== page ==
J. Peter Schwalm & Markus Reuter – Aufbruch

by 5:4

A few years ago, in a book about ambient music that i co-edited with Monty Adkins, i wrote a chapter where i proposed the possibility of ‘meta-ambient’, the idea that a great deal of music not necessarily immediately heard as being related or even connected to ambient – as it tends to be traditionally (mis-)conceived – can and should be regarded as such. i justified this in part due to the fact that ambient, at its most fundamental level, is concerned with behaviour (rather than trivial, subjective notions of ‘prettiness’) and the way its elements are arranged and juxtaposed over time.

A new example of this kind of meta-ambient comes in Aufbruch, a new collaborative album from German musicians J. Peter Schwalm and Markus Reuter. Its 49-minute duration is divided up into nine tracks, but the more time i’ve spent with it the more i’ve perceived those divisions as becoming blurred, and the tracks as interconnected variations on not so much a theme as a behaviour, a palette and an attitude. Though Schwalm comes at the collaboration from an electronics-focused angle, and Reuter from a guitar-based one, their roles are similarly blurred and while their respective sounds and timbres can often be discerned they’re almost invariably treated such that the resulting music becomes a synthesis of them.

The meta-ambient connection emerges in various ways, perhaps the most obvious being how Schwalm and Reuter bring together discrete elements and allow them to drift and meander such that it’s often impossible to tell conclusively whether these elements are actually gelling, interacting and responding to each other, or whether they’re simple adjacent, the counterpoint they create a by-product of their simple juxta- and superposition. It’s a form of sonic uncertainty that, when done well, can be almost endlessly fascinating (one of the reasons why long-form ambient is able to retain its focus), and there are some nice examples of this on Aufbruch.

The nature of its elements is relatively easy to summarise: drones in various registers, floating tones, vague abstract sounds, guitar notes, and an assortment of blunted beats, though the way these are employed has a great deal of spontaneity and unpredictability. In this respect Aufbruch for the most part doesn’t demonstrate use of ‘steady states’, eschewing patterns and processes in favour of more improvisational forms of nebulous narrative. Though not an element as such, an additional recurring feature of this music is, for want of a better word, distortion: layers of buzz and fuzz that regularly coalesce and accumulate around pretty much everything else. This never takes the form of obfuscation, though; rather, it adds a palpable energy to the drones and tones, crackling and vibrating as if in response to injections of electricity coursing through them.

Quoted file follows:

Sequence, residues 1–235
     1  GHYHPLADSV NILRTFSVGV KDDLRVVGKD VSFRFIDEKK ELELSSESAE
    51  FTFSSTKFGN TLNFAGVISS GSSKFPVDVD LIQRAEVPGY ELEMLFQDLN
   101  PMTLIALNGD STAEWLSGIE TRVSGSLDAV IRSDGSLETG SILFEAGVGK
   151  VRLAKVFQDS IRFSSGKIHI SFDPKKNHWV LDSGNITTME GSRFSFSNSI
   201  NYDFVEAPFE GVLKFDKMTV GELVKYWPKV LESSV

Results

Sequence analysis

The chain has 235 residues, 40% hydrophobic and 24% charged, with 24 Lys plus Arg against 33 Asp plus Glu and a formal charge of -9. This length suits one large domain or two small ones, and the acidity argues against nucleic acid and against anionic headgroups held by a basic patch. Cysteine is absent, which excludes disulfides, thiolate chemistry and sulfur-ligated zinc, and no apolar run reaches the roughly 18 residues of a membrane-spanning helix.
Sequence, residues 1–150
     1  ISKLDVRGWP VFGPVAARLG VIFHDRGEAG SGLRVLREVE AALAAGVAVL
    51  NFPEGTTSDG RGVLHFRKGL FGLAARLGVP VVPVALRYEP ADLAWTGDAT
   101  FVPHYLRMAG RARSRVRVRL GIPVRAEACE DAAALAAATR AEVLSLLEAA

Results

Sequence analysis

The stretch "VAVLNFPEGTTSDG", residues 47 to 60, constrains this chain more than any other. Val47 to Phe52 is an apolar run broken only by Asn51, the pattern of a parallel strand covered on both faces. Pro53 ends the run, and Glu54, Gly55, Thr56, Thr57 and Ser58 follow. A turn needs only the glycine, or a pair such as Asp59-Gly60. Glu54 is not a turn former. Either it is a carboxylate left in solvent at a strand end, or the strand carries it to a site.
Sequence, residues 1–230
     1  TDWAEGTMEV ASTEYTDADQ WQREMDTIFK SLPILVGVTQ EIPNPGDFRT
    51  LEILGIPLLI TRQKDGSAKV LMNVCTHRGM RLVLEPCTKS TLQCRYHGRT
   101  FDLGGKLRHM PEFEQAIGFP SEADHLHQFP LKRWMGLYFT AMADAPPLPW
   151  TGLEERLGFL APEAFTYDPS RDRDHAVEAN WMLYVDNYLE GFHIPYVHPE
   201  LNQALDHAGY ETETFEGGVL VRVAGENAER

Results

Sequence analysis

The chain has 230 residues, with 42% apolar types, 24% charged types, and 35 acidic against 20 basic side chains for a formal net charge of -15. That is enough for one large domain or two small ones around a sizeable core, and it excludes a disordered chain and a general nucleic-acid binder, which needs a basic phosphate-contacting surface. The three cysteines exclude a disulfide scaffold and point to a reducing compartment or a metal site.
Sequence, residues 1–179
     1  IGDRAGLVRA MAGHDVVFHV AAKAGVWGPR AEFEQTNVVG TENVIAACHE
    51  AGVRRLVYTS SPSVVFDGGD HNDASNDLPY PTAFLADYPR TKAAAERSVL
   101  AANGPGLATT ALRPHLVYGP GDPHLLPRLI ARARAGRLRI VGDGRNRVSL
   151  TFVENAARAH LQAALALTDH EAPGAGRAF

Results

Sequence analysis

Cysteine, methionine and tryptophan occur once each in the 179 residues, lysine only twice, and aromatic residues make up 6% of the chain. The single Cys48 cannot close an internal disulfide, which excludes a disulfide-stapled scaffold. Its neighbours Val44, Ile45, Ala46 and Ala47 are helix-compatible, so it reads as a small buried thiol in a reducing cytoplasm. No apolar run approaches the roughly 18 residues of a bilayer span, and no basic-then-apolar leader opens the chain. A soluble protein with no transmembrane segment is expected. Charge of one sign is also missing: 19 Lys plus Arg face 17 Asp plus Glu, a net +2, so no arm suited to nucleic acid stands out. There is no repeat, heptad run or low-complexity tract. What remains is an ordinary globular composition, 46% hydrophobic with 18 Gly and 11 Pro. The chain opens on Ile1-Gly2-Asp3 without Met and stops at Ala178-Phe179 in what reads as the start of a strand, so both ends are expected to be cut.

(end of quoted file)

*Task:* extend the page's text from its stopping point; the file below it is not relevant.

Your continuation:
During some parts of Aufbruch the overall effect takes on a passivity that can cause one’s attention to drift, though whether that’s the music becoming ‘ignorable’ or not is a judgement call. It’s a situation that particularly arises during the later tracks ‘Lebewohl’ and ‘Losgelöst’, the former developing from vocal phrases (contributed by Sophie Tassignon) into a rich dronal texture with twanging guitar notes, the latter a mixture of floating middleground tones (also featuring Tassignon) and insistent foreground beats, paradoxical in the way it envelops while remaining aloof and cyclical. Elsewhere, the ambiguities of the music are more compelling, such as a sequence of buzzy pitches emerging in ‘Von Anbeginn’ that become an idea of sorts but not a melody, loosely following each other in relaxed fashion. Yet the main ambiguity is its highly dramatic sense of narrative. Especially mesmerising is the opening track ‘Der Aufbruch’, where its stable, dronal introduction gives way to the intrusion of a new note that triggers small but growing surges in response, while causing the entire atmosphere to become more and more caked in noise, a steady but thrilling development.

The best example of this drama, and the highlight of the album as a whole, is ‘Abbau’, which opens with the most clear demonstration of the aforementioned ambiguity of connectivity, its combination of dull but strong beats, side impacts and drifting upper and lower pitches keeping its options open about the extent to which they relate to or impinge on each other. This is replaced with a gradual expansion that’s beautiful to behold, all these elements becoming forceful while being held in a lovely sense of balance. When the beats drop out the greatest ambiguity of all arises, their absence simultaneously throwing clarity on everything else, revealing it to be turning like a form of mobile, yet also rendering the music more vague, as if the beats were the ‘focus’ with the other elements obfuscated by a bokeh-like blur. Its culmination is pure wonderment: a dense, complex soup of stuff, behaviourally and harmonically static yet spontaneous, like a cauldron bubbling with ingredients, to hypnotic effect.

Released last week on the RareNoise Records label, Aufbruch is available on vinyl, CD and download via Bandcamp.

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